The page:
Q: How do you phrase a will to prevent unknown heirs from applying for inheritance?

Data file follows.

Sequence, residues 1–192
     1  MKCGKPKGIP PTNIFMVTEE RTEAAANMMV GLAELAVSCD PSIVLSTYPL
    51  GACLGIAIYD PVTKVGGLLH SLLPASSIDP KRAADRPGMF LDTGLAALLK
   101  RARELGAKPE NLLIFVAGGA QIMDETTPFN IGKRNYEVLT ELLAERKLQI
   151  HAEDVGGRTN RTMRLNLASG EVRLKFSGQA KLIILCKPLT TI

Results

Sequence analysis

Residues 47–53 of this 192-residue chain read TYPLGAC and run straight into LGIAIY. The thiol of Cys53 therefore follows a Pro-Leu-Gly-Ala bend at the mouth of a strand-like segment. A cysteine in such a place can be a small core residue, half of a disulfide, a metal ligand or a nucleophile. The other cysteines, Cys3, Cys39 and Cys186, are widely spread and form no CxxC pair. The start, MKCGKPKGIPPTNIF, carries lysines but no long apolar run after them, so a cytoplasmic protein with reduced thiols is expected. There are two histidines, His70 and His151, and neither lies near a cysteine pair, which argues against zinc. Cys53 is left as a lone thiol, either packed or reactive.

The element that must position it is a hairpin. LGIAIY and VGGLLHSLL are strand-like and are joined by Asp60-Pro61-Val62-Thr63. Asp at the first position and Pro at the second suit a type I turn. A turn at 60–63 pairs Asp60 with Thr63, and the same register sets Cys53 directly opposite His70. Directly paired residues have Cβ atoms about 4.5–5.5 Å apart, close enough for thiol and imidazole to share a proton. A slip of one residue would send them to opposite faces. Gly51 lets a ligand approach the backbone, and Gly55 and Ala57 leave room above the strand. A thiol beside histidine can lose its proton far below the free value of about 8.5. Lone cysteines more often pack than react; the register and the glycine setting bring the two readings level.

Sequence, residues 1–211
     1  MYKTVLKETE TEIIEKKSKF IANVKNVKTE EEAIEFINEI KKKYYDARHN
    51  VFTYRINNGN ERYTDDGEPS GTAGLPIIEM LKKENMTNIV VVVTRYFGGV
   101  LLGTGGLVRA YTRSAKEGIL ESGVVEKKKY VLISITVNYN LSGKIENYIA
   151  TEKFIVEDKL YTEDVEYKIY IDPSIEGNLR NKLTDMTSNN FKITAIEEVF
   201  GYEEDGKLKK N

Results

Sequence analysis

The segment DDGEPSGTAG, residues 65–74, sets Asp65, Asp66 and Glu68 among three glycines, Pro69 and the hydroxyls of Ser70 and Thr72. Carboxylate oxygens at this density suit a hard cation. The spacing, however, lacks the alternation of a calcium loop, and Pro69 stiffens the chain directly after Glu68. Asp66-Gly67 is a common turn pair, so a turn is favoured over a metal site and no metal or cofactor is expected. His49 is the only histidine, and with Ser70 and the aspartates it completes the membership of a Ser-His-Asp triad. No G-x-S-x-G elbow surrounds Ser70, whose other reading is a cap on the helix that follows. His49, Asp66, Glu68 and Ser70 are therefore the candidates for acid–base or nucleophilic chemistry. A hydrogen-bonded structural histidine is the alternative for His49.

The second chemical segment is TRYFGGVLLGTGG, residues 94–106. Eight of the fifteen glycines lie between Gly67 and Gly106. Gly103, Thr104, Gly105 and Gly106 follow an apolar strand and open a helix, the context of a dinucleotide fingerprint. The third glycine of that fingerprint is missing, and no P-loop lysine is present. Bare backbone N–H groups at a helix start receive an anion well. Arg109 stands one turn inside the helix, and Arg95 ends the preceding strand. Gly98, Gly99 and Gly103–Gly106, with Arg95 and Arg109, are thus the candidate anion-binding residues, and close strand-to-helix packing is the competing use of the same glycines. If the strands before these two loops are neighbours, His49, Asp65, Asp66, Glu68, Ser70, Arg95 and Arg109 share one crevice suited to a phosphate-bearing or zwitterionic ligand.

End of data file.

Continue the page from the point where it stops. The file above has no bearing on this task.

A: Anyone not named in a Will gets nothing if your will specifically names those whom you want to receive your estate. The only exception is the statutory right of a surviving spouse (married at time of death) to elect one-third of your estate regardless of what your will says. If you are concerned about one of your named beneficiaries dying before you, and you do not want their share going to their children or heirs, or to a specific child of theirs, then you need to word your will properly to provide for any such scenario. In some cases, like deliberately not leaving a share to one of your children, a provision stating that you are deliberately not leaving anything to that child will clarify that their omission is not a mistake but a thoughtful decision. You can choose to include your reasoning, if you want to clarify that their omission is not for lack of love for them (e.g., they are financially well off and their siblings are in greater need). You may also seek to deter your heirs from challenging your estate disposition by adding a provision that any heir or legatee who contests your will shall forfeit any right to receive any distribution from your estate. This is known as an “in terrorem” clause. Wills are among the more basic and important documents everyone needs, and the cost to prepare one properly is generally fairly modest, so you should use a lawyer to do it right so as to avoid common drafting errors that can have completely unintended consequences. Mistakes cannot be corrected after you die.
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